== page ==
No location = unmatched flexibility

The traditional bricks-and-mortar model comes with significant rent, staffing and inventory replenishment costs. But with an online model, subscriptions can be filled to order from a warehouse. This reduced footprint allows entrepreneurs to more easily experiment with their offerings and quickly implement smaller test runs of new products. Depending on customer interest, their subscription boxes can then be rapidly changed or scaled up.

A subscription box model also eliminates the uncertainty that comes with the need to stimulate a new in-store sale with the same customer multiple times a year via targeted ads, promotions or sales. “With a subscription, you only have to convince the customer to make a transaction once,” says Soberman. Oftentimes, companies will apply an auto-renewal model where customers can choose to opt-out at any time, making it easier to retain customers without convincing.

Without a store for customers to try one of her Lark beverages, Donnelly knew she’d face some hurdles in growing her customer base. Consumers can be hesitant when it comes to making larger purchases: buying a single bottle of Lark’s “Bubba” sparkling water in a retail location requires far less of a financial and emotional investment than paying $54 every month for an 18-pack. That’s why Donnelly ensured her subscriptions are flexible. They range from weekly to monthly, and from $20.50 to $76.50 in price.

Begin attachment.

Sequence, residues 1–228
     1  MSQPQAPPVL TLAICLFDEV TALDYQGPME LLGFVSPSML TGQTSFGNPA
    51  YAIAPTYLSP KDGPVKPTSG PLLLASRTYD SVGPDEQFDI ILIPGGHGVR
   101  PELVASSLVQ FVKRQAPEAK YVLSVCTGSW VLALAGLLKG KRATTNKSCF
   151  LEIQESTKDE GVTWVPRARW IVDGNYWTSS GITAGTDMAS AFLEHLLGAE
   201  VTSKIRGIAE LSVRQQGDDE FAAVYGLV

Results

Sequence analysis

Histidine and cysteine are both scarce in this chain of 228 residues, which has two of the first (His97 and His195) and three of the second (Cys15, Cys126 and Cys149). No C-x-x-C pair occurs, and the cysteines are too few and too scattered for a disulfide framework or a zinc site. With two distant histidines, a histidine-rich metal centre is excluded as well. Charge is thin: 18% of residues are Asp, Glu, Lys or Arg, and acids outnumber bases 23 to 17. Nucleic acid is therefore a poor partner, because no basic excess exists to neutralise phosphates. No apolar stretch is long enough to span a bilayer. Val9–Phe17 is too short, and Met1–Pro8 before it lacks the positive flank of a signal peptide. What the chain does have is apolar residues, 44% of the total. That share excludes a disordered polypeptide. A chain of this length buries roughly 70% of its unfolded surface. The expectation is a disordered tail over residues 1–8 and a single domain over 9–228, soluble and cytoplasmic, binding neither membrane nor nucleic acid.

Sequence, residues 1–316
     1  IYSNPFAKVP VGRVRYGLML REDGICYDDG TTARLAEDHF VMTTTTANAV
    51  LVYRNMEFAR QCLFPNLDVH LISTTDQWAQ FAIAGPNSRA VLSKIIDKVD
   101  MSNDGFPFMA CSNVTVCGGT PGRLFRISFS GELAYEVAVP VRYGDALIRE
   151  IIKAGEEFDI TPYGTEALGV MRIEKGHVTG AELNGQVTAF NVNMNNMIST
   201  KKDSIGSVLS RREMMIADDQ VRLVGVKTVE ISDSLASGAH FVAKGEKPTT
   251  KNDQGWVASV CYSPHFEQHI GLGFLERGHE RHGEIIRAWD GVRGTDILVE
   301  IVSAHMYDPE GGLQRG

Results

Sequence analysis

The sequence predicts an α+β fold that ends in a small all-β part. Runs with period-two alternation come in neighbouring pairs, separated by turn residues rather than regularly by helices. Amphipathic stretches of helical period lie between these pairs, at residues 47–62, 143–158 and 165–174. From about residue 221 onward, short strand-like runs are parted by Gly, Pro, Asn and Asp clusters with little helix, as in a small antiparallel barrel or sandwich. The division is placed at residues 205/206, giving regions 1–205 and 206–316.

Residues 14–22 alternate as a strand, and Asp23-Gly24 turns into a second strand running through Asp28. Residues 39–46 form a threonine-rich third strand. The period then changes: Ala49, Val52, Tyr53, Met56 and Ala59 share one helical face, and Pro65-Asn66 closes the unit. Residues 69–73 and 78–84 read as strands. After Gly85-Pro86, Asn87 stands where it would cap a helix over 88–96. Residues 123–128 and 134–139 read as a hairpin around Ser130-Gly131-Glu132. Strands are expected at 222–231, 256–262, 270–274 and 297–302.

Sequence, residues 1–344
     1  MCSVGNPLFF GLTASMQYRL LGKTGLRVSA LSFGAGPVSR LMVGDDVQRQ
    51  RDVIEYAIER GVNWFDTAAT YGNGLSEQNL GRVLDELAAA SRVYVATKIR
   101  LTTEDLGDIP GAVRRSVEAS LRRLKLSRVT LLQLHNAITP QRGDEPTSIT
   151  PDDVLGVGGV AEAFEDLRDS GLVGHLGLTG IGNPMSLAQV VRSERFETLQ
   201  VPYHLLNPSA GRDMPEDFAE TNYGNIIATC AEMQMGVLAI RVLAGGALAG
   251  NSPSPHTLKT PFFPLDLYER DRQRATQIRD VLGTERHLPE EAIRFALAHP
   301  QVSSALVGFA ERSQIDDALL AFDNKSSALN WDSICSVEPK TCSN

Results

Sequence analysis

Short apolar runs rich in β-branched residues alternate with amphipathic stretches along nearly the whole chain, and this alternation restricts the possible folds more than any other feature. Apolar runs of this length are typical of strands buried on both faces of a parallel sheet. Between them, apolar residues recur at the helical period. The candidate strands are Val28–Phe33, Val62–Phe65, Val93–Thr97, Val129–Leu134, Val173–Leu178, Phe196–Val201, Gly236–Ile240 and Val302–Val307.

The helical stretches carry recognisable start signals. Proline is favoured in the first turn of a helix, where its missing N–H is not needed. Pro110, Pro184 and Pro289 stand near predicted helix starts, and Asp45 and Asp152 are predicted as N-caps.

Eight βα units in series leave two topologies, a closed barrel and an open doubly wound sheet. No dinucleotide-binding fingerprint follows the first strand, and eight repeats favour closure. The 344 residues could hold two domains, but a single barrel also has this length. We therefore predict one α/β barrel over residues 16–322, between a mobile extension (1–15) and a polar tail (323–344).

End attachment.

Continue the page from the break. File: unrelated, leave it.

Know what need your product is fulfilling

According to Soberman, the best kind of product for the subscription box model is what marketing experts call a fast-moving consumer good (FMCG). Any product that is used frequently and needs replacing on a regular basis (think diapers and toothpaste) would be considered an FMCG.

In this category, there are two main kinds of subscription boxes to consider. The first is regularly consumed products that need constant replenishing. In Toronto, there are plenty of examples that lean into this model, like Naturolly’s bamboo toilet paper, Pilot coffee and for some, General Assembly’s frozen pizzas.

The second is curated selections of a changing variety of items that allow customers to have new experiences with each box. This could take form as a casual stay-at-home crafting night or could encourage subscribers to branch out from their usual cocktail of choice.

“If you can't put your business into either of those two categories, your product might be a harder sell,” he says.

You can learn a lot from all customers — even ones that leave

Feedback from happy customers can be invaluable, but the fatal error that dooms many subscription businesses is forgetting about lost customers. Former subscribers can explain why they left, and from a marketing perspective, what’s not working.

That’s why Soberman recommends implementing a customer service plan that prioritizes contacting former subscribers to figure out why they left. “How companies manage lost customers and utilize the information they provide can be the goose that lays the golden egg,” he says.